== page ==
. it seems clear (from our results and also from various other studies in group theory) that team composition affects effectiveness. What is less clear is how team composition affects effectiveness and how task type and development process moderates this effect.

I plan to show the results of the research described above and then elaborate  more on the questions that we are investigating with respect to antecedents of effectiveness. At this point in the seminar, I hope to start to show the model we are consolidating (from other researchers) and testing (with our empirical studies).

Fabio Silva.


Beecham, S., et al., 2008. Motivation in software engineering: a systematic literature review. Information and software Technology, vol. 50. Elsevier, pp. 860– 878.

T. Chow; D. Cao, (2007) A Survey Study of Critical Success Factors in Agile Software Projects. The Journal of Systems and Software, n. 81, pp. 961–971.

Hackman J (1987) The design of work teams. Handbook of organizational behavior 315-342.

Yeatts DE, Hyten C (1998) High-performing self-managed work teams. Sage Publications, Inc.

Seminar at Brigham Young University – Software Team Effectiveness

One of the topics I would like to discuss is “Team Effectiveness”. This is a complex topic that has been studied from different perspectives in group research.

Hackman (1987) has argued that, for teams in organizations (i.e., in practice and not in a experimental lab setting), effectiveness is more complex than counting “right answers” or timing the development of a task. Hackman argues that certain team outputs can be difficult to quantify. Furthermore, teams in organizational contexts tend to work together for a much longer time than the participants in a laboratory experiment, and what happens to a team during the development of one project may affect the feasibility of this team working together in the future. In his model, Hackman defines effectiveness as a multiple construct composed of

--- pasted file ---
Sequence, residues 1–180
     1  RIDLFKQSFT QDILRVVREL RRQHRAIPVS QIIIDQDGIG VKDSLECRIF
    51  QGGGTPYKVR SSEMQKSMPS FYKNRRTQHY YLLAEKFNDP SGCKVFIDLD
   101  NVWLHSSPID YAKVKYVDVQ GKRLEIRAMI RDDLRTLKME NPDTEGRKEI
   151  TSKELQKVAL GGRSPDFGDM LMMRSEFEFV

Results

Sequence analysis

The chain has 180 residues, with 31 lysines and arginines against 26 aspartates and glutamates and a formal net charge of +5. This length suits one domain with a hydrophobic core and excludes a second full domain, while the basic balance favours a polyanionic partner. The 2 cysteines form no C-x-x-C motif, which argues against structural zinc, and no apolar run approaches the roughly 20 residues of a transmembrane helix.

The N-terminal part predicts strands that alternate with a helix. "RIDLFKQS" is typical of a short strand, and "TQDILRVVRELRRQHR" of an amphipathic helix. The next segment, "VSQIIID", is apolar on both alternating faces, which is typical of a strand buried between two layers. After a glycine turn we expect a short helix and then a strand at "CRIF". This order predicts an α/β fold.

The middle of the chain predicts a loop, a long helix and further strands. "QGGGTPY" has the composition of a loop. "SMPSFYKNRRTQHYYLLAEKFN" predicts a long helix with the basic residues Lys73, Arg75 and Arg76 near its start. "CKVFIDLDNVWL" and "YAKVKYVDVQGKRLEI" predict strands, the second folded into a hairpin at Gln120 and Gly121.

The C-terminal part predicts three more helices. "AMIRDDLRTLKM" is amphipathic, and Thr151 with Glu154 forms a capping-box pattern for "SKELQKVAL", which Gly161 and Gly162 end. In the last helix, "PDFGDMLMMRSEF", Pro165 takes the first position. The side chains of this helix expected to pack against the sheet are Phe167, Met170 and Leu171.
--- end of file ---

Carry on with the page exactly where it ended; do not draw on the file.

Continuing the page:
1. Acceptance of team’s output or results by those that receive or review them (Client Satisfaction with results)

2. Maintained or enhanced capability of members of the team to work together in the future (Team Viability)

3. Team member’s satisfaction has not decreased the the team experience (Member satisfaction with teamwork)

Cohen (1993) asks the question of whether we consider a team that produces what expected as being successful even if the team members present low morale, are not satisfied with the work, come late to work, or the team turnover is right. In her model, Cohen also considers effectiveness as a multidimensional constructed composed of:

1. Performance: costs, productivity, quality.

2. Member attitudes: satisfaction, trust, commitment.

3. Withdrawal behaviors: absenteeism, turnover.

Yeats and Hyten (1998) acknowledge that effectiveness is multi-dimensional, but only performance as client satisfaction and team economic viability. Their argument is that using a more complex, multi-dimensional view of effectiveness would make a model less accurate, since each dimension is affected differently by other factors that influence team effectiveness.

In the seminar, I will present some of our studies in which distinct definitions of effectiveness were used. I would like to discuss the implications (practical and theoretical) of using simple or more complex definitions in understanding the effectiveness of software teams in practice.

Fabio Silva.


Cohen SG (1993) The Design of Effective Self-managing Teams. Advances in Interdisciplinary Studies of Work Teams. Vol. 1 Theories of Self-managing Working Teams 1:

Hackman J (1987) The design of work teams. Handbook of organizational behavior 315-342.

Yeatts DE, Hyten C (1998) High-performing self-managed work teams. Sage Publications, Inc.

Seminar at Brigham Young University – January, 19th, 2012.

Professor Charles Knudson gently invited me to present a seminar at the  Computer Science Department at Brigham Young University in Provo, Utah. This will happen on January, 19th, 11:00 – 11:50. This is a great opportunity to discuss some research ideas about human aspects in software engineering and to start a closer collaboration with researchers from BYU.